NH: The initial story, The Arcane Codex, was the first and it was based on a vivid dream I had. My dreams tend to be in color and very cinematic, like movie trailers, and they even have background music. I did what you’re supposed to do if you’re a serious writer; I sat up in bed, and jotted it all down. It was just the very beginning of a tale, but it was enough to build upon. Later on, I decided to set it in that familiar sword & sorcery fantasy world I had created years ago where many of my stories—including my novel FORTUNE’S PAWN—take place. Since music was part of the dream, the idea of roving bards as teachers and keepers of the history of their land became appealing, and I just ran with it. Little by little I’ve been fleshing our their part of the overarching world, giving each bard a tale of his or her own, with a common thread binding them all. That’s what this book is, an introduction to the world of these restlessly footloose musicians, poets, singers, and keepers of the lore. Within those pages you will find three distinct stories about the adventures of three different bards.

AP: This is also the debut of your own author based imprint via Pro Se-Hansen’s Way.  First, tell us how it feels to have such a body of work that you’ve been given your own imprint?

NH: There are times when it is mindboggling, and I’m surprised I can keep the details straight. I keep wondering if the well will run dry, but I never seem to run out of ideas. It does help to have some series diversity amongst the stories so that if X doesn’t seem appealing, or I’m stuck for an idea, I can go write something for Y or Z.

Over the years I have kept writing down story concepts and shoving them in files, with the idea I would sit down someday and flesh them all out. Some were actually finished tales, others no more than a few sentences. I remember when I first hooked up with Pro Se back in the spring of 2010, I told Tommy Hancock I had lot of mothballed stories I could write up and send him, and he said bring it on! I don’t think he was expecting 21 short stories from me that year! LOL He was a very good sport about it, and encouraged me to keep sending them in. Many of them were set in that same world, just different places and characters.

When I was approached about having my own imprint—which is an honor for someone who previous to 2010 was an unknown writer—I immediately thought about all those Terran World short stories, and bringing them in under one banner. I have 5 different series amongst those right now; each series with its own unique setting and recurring characters, and there have been some crossover characters and settings between them. It just makes more sense to keep them under one flagship imprint than scattering them hither and yon in other publications. I have other series that I write outside this world setting that will still be appearing elsewhere, as well as full length novels and other projects. So I’m going to be quite busy!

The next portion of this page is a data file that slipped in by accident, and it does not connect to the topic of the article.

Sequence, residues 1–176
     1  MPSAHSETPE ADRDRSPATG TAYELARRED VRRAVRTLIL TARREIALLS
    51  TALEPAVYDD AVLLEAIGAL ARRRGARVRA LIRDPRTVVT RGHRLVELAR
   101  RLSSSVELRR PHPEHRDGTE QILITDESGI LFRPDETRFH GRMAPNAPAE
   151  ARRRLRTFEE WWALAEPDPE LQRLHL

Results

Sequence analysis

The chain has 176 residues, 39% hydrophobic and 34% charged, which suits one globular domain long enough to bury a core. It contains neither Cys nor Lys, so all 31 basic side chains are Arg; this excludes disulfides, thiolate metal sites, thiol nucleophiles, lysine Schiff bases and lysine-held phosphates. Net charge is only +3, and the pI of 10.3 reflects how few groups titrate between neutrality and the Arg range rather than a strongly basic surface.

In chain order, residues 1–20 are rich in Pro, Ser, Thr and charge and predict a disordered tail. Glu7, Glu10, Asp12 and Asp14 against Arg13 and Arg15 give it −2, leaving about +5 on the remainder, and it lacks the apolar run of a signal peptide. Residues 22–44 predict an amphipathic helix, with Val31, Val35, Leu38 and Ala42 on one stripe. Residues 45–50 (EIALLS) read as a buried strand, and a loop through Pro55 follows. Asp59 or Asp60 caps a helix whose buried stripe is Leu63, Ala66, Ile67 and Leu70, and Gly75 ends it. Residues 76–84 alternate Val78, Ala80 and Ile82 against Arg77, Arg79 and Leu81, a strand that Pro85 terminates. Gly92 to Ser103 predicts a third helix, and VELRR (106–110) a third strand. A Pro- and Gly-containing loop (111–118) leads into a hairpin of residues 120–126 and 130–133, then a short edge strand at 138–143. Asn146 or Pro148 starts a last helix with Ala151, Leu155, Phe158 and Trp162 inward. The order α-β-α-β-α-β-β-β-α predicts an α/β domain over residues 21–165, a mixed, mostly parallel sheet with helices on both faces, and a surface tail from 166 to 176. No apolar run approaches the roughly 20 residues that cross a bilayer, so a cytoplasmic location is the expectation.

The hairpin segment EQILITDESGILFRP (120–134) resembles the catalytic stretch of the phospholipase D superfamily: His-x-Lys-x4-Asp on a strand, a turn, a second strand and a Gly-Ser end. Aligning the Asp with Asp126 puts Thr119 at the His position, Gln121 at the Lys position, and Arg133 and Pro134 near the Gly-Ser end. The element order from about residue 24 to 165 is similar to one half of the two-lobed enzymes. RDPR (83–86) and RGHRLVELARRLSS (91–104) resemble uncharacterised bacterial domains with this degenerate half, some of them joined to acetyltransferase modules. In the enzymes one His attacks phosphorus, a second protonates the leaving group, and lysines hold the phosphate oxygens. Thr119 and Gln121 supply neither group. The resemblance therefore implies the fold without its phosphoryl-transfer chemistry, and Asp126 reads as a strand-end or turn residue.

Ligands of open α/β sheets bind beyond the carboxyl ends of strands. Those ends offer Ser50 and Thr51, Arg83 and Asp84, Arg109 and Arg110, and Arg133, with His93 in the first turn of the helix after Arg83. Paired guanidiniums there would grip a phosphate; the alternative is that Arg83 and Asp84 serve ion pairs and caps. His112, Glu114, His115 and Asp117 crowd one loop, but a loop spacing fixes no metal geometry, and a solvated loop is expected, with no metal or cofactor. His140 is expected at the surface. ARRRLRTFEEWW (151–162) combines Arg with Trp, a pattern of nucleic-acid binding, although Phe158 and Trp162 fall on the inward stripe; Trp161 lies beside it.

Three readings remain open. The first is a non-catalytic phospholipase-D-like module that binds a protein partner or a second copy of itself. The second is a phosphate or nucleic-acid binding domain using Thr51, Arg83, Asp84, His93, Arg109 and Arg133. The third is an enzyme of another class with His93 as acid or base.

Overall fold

AP: What is the direction or guiding mission of Hansen’s Way?  What do you hope to do with the imprint?
NH: The main thing for now is getting these 5 story lines off the ground and establishing characters and settings, and hopefully a loyal following of readers. What I hope to do down the road is interest other authors in contributing stories that fit within the concepts of each separate series title and the overall Terran World. For the present time I have enough backlog of work that I can fill anthologies fairly easily. When the time comes that I can’t keep up, and I feel enough reading material is out there that interested writers should have a good grasp of how to handle these series, I’ll send out the call for submissions. It’ll be a while though! I have not yet plumbed the depths of my files.
AP:   You’re fairly a newcomer to Pulp.  What about Pulp appeals to you, a fantasy writer.
NH: I am relatively new to both pulp writing and the published work, though I have been a big Robert E. Howard fan for many years. I didn’t really know anything about pulp per se, just that I loved Howard’s breathless pacing and direct approach to getting a story told. I’ve always been an avid fan of the epic/heroic swashbuckling adventure fantasy—could never get enough of that. It’s the kind of thing that works so well for pulp, which is big on action and heroes. If it’s got magic and swordplay, mythological creatures and a big otherworldly backdrop, I’m in!

Now that I’ve written on both sides of the line, I can say that the fundamental difference between mainstream fantasy and pulp fantasy is that pacing. The mainstream books tend to be very long, with convoluted plots and some sort of hero’s quest involved. Pulp is generally shorter, more straightforward, and a simpler plot that is easily satisfied in 200 pages or less. Both share a tendency for recurring characters in series stories, and that ‘larger than life’ hero opposing some arch villainous force over the course of the story.